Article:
Opening night for the L.A. premiere of "365 Days/365 Plays" was a memorable al fresco production at the Music Center Plaza, where a talented cast, a game audience of 300-plus and Bart DeLorenzo's amiably loose direction combined to create a piece of low-key magic.
Starting in November 2002, Pulitzer Prize winner Suzan-Lori Parks wrote one play a day for every day of the year. After considerable coordination, more than 600 theater companies will present these plays over the next year in what’s being called the largest theater collaboration in U.S. history. Los Angeles, Parks’ home, is represented by 50 local companies, from Theater@Boston Court to Geffen Playhouse, presenting the plays until November 2007. Opening night for the L.A. premiere of “365 Days/365 Plays” was a memorable al fresco production at the Music Center Plaza, where a talented cast, a game audience of 300-plus and Bart DeLorenzo’s amiably loose direction combined to create a piece of low-key magic.
The seven plays and three “constants” — pieces that may be performed with each producing company’s selection of plays — were mostly humorous or philosophical. A couple touched upon dramatic issues.
The first constant was notable mainly for the spectacle of hundreds of people watching a woman brush her teeth leaning over the Taper pool, street theater at its simplest. The second constant was so subtle that most of the aud probably missed it, but the third, where the actors try to complete a huge number of tasks in too short a time, was hilarious and spotlighted the performers’ admirable improv abilities.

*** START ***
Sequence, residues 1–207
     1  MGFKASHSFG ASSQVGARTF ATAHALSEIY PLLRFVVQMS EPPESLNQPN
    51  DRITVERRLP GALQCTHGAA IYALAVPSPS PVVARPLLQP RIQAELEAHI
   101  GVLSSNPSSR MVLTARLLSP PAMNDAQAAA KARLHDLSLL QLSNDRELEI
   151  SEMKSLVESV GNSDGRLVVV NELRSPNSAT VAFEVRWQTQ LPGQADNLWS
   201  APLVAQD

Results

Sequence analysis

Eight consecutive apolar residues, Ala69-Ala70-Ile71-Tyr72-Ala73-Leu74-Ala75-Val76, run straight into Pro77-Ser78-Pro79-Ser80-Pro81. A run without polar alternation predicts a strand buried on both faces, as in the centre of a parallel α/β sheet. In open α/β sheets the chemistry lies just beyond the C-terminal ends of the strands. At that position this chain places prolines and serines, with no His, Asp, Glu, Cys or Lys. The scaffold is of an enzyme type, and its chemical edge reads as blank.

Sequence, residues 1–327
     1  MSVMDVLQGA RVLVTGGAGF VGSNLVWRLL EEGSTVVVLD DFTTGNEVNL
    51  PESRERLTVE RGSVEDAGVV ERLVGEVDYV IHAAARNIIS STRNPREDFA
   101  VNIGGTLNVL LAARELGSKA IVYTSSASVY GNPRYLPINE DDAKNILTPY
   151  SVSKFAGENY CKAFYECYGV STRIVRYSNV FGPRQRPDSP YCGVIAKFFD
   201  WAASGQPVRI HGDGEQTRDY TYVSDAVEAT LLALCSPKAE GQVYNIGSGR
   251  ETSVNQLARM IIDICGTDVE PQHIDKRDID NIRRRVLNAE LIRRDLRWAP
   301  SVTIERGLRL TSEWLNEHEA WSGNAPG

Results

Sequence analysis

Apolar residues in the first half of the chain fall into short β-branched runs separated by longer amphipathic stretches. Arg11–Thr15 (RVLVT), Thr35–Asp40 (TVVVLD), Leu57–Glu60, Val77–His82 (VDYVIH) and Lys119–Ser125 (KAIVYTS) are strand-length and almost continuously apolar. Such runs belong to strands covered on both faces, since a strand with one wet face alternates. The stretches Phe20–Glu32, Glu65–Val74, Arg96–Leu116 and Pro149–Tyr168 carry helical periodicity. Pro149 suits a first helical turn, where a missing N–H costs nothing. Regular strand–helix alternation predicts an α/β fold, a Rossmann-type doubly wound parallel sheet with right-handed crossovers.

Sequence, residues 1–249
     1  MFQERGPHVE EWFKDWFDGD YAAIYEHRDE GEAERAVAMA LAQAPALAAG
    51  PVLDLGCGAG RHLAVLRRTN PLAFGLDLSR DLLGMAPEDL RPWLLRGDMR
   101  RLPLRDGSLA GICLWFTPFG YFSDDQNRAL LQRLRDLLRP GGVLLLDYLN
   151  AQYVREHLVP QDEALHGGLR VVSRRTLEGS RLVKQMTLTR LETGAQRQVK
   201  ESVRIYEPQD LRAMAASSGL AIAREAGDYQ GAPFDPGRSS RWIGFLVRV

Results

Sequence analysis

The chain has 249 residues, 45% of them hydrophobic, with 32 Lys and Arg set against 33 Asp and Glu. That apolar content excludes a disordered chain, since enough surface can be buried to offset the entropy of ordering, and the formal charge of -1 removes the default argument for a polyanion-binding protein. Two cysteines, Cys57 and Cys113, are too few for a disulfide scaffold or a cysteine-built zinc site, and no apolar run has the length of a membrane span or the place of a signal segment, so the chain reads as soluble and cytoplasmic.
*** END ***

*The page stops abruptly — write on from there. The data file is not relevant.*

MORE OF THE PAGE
The accurately titled “Start Here,” concerning a young man’s fear of the future, kicked things off with an optimistic outlook. DeLorenzo made good use of a metal door sculpture in the plaza, and Patrick Breen scored as the positive, encouraging Krishna.
“Father Comes Home From the Wars (Pt. 1)” is a darkly comic vignette, as a wife greets her returning husband with, “I wasn’t expecting you. Ever.” Adina Porter was sharp as the dubious spouse, and Jesse Borrego was quietly threatening as the titular veteran.
Barry Shabaka Henley gave a nicely blustery perf as a barker displaying a genuine “Good-for-Nothing,” and Leonardo Nam was bitingly funny as an arrogant messenger in “Here Comes the Message.”
The Center Theater Group production was for one night only, but in coming weeks, Open Fist Theater Company, Playwrights’ Arena and Elephant Asylum Theater will be presenting further “weeks” or selections of Parks’ plays. This whole thing may be a bit of a stunt, but in terms of connecting artists and audiences, it’s a fascinating one.
For information on upcoming L.A. productions, visit http://www.365inla.com.